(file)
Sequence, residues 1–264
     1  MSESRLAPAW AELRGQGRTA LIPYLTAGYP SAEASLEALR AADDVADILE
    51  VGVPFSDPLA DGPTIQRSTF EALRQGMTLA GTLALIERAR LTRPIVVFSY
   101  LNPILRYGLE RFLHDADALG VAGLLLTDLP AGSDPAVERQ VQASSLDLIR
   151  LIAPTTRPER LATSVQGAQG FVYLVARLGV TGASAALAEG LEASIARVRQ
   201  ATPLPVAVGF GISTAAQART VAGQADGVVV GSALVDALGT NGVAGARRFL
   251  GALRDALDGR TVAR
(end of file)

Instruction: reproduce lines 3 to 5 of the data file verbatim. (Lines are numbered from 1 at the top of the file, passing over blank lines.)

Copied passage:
    51  VGVPFSDPLA DGPTIQRSTF EALRQGMTLA GTLALIERAR LTRPIVVFSY
   101  LNPILRYGLE RFLHDADALG VAGLLLTDLP AGSDPAVERQ VQASSLDLIR
   151  LIAPTTRPER LATSVQGAQG FVYLVARLGV TGASAALAEG LEASIARVRQ